New York University's independent student newspaper, established in 1973.

Washington Square News

New York University's independent student newspaper, established in 1973.

Washington Square News

New York University's independent student newspaper, established in 1973.

Washington Square News

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Street art often fades into the background, but it deserves its own chance in the spotlight

A discussion with street artists surrounding the Living Artist$ Gallery’s “SIGNS” show.
A+yellow+sign+that+reads%2C+%E2%80%98SIGNS+SHOW%E2%80%99+is+leaning+against+a+brick+wall%2C+above+a+stairwell.+On+the+wall+to+the+right+of+the+sign+hang+two+red+signs.
Caleb Pisoni
The Living Artist$ Gallery’s art show, “SIGNS,” celebrates street art, an art form that is oftentimes overlooked. (Caleb Pisoni for WSN)

New York City has an exciting cornucopia of street art. Wherever you walk around, you’re sure to pass hundreds of stickers, graffiti tags and all different types of expressive arts adorning the many surfaces of the city. 

Despite its ubiquity, this art straddles the line of legality. Graffiti art is considered vandalism in New York City, punishable by fine, community service or even jail time. Artists may even be arrested just for carrying a marker or aerosol can if police believe they have the intent to paint graffiti. To be a street artist is to play a constant game of cat-and-mouse with law enforcement, at the risk of their own physical safety.

“Blood, sweat and tears, that’s what it takes,” said Homesick, a graffiti artist whose tags can be found all around Williamsburg and the East Village. “Because that’s what you get: you get cut up, you bleed, you painting, you running, you sweating and then in tears if you get caught.”

These circumstances have led to the development of a community of street artists which has an undeniable sense of camaraderie — but often among people who have never actually met in person. 

Jesse Warner, the photographer behind a commonly-seen sticker depicting a woman eating spaghetti, describes his street art circles as an “anonymous kind of culture.” In spite of limiting circumstances, the art has a way of bringing people together. 

Unfortunately, though, outside of this fairly niche community, street art is underappreciated. Stickers and tags can become iconic backgrounds of the neighborhoods they’re in, but these never seem to move into people’s direct attention. Street art is always present and visible, but is rarely acknowledged.

The “Living Artist$ Gallery,” a collective of street artists from across New York City, is looking to change that. In late September, the group debuted “SIGNS,” their second show devoted to street art, in the basement of Williamsburg’s The Marry Jane Shoppe.

“Living Artists is here to promote the work of local street artists, and at the same time, to give them a legal space to be able to do their work and share [it],” said Gii Romero, one of the show’s curators.

Warner and Homesick both had pieces on display at the show. Warner had another photo playing on his running theme of capturing food eaten in silly ways, this time featuring a person posing with ketchup and mustard captioned “Complimentary Condoms & Mints,” a play on the word “condiments.” Homesick’s piece, meanwhile, an airbrushed sign reading “Not For Sale,” with an accompanying poem, melds into the wider mission of their art, which they see as a protest against the gentrification and displacement in their neighborhood.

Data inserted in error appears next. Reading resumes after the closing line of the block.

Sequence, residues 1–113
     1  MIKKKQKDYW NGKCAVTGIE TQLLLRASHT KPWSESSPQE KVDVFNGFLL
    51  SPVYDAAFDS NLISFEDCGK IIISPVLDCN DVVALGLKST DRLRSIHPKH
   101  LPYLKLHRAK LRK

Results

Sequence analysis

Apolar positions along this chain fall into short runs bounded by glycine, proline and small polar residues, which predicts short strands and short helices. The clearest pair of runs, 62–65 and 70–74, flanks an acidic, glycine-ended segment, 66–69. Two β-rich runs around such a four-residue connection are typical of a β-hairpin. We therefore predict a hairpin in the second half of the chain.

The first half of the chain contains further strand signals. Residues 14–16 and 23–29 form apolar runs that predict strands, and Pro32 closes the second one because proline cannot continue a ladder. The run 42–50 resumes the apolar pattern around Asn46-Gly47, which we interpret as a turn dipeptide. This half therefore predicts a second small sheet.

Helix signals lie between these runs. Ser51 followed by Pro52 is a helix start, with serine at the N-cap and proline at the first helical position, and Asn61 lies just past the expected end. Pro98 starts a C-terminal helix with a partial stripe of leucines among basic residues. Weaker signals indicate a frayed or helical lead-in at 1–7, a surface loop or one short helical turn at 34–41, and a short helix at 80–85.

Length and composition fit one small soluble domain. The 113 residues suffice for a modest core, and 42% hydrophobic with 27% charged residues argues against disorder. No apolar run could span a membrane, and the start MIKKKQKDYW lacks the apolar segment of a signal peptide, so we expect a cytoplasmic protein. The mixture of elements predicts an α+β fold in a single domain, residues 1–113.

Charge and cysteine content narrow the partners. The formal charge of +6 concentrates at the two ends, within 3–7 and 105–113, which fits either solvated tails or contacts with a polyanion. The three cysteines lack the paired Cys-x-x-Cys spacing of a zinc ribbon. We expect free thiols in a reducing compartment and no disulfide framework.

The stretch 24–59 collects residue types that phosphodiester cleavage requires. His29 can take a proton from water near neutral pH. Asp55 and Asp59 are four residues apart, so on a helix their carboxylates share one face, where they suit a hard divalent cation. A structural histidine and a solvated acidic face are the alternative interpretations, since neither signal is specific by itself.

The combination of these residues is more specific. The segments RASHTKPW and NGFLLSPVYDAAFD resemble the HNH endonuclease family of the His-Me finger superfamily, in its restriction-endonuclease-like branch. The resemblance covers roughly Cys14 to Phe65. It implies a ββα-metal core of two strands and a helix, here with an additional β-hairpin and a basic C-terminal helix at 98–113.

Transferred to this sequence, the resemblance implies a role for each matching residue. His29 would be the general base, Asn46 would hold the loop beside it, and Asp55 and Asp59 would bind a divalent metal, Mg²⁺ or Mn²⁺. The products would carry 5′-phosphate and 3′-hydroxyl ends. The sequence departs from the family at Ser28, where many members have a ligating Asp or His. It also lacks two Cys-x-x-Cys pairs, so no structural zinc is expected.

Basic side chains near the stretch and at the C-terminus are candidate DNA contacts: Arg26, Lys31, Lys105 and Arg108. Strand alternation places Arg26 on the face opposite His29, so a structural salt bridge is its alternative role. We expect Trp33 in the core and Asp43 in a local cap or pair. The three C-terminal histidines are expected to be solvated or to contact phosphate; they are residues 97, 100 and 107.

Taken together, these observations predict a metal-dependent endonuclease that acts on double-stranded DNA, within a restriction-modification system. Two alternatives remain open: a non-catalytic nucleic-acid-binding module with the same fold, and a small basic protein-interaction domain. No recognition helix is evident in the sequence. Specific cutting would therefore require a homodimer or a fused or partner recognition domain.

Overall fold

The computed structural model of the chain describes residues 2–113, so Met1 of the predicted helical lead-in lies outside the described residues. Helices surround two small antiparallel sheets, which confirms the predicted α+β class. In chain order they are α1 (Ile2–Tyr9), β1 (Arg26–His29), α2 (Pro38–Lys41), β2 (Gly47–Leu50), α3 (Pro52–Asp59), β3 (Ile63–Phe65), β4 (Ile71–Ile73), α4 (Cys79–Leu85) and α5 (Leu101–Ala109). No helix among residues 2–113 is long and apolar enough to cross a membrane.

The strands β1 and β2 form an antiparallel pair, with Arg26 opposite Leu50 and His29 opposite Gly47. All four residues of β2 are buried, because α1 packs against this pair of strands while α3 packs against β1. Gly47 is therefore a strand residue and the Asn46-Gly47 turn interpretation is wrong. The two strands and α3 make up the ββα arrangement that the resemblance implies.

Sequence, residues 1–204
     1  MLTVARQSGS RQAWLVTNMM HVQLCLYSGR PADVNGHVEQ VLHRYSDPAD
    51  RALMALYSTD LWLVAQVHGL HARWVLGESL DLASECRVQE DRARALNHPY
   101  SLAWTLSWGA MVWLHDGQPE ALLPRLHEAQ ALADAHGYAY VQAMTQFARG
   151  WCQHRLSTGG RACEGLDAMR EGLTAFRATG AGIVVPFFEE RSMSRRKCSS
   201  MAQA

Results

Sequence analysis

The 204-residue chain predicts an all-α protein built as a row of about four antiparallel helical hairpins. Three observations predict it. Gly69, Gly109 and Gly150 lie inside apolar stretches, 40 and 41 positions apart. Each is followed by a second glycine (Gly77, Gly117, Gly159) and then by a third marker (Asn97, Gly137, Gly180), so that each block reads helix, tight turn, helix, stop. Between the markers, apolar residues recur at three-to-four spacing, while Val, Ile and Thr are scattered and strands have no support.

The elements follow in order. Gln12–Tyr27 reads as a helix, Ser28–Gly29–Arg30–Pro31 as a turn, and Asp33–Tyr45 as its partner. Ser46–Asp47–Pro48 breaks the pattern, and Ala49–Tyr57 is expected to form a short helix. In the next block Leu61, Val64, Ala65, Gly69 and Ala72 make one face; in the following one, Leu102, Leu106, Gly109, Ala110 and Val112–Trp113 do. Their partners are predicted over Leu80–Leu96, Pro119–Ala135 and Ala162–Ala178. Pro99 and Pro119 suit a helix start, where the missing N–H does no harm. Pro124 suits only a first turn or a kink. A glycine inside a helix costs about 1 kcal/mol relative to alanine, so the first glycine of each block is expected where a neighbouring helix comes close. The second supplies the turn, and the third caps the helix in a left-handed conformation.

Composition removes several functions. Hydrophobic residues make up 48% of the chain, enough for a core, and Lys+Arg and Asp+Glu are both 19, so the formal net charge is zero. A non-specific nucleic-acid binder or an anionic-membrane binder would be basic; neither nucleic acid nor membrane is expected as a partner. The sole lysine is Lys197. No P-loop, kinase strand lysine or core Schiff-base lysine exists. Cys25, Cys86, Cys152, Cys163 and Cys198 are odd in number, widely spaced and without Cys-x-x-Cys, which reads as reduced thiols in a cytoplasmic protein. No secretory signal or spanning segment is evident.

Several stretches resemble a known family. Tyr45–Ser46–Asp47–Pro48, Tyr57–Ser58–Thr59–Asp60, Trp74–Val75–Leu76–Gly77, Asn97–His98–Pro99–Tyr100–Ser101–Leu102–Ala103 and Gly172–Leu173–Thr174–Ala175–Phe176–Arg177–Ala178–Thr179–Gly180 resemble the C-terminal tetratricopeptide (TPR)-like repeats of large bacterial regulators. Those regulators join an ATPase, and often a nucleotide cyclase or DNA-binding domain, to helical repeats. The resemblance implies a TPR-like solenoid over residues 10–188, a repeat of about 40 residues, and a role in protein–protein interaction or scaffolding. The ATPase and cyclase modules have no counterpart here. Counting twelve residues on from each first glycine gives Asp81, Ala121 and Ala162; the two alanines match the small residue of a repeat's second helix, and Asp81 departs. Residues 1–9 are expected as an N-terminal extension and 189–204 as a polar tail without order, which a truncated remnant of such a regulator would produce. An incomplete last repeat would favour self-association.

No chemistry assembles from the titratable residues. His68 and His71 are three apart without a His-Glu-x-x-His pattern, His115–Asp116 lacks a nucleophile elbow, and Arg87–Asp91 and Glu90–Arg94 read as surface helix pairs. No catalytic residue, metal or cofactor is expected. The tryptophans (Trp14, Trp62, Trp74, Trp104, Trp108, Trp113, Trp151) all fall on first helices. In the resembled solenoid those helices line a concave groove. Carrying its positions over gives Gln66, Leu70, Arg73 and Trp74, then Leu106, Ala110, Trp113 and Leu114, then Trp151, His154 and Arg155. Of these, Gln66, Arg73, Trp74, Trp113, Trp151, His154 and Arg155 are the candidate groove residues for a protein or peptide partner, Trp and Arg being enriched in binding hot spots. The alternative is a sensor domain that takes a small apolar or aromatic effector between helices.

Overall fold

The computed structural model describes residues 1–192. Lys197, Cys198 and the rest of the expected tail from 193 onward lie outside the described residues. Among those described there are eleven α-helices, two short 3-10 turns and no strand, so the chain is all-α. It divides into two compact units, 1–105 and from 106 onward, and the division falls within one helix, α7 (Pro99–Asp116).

“I’m homesick to what this neighborhood used to be,” Homesick said, showing how street art can be a valuable avenue for social commentary. “A lot of my friends were displaced, and they left…some of them were evicted…the neighborhood changed so much.”

But beyond just showing off the artists’ work, the “SIGNS” show had another purpose — to keep the artists financially sustained. Street art generally doesn’t pay, and with the possibility of getting hit with a fine, it can be a big financial risk. Because of that, all of the pieces on display were for sale, with proceeds going directly to the artists themselves. 

With so much on the line — personal safety, the threat of arrest, financial burdens — what keeps artists coming back? Different artists answer in different ways, but the common thread is that it fills a certain void in their lives. For Fernando Garcia, an illustrator who has dabbled in street art, it’s the feeling of freedom — to make the world your canvas — that scratches that itch.

“It’s the freedom of being an artist in general,” Garcia said. “And just to share your work. So often we’re so secluded and we do stuff at home, in our sketchbooks, but it feels cool to change the environment and just do something funky.”

For some, it seems that the appeal of street art comes not in spite of, but partially because of the risks involved. Multimedia artist Kalin Hart has seen many fellow artists who’ve chosen to do street art specifically for the rush of the dangers involved — a rush so potent she compares it to the high of drugs or alcohol.

But whether it’s the freedom of the city as your oyster, or the rush of the chase against the law, one thing is for sure — for those committed to street art, there’s just something about it that they can’t resist, that keeps pulling them back in time and time again.

“It’s very addicting, the whole process,” Homesick said. “The way the paint hits the wall is addicting, the way it comes out the can and hits the wall, you’re like, ‘damn.’”

Contact Hope Pisoni at [email protected].

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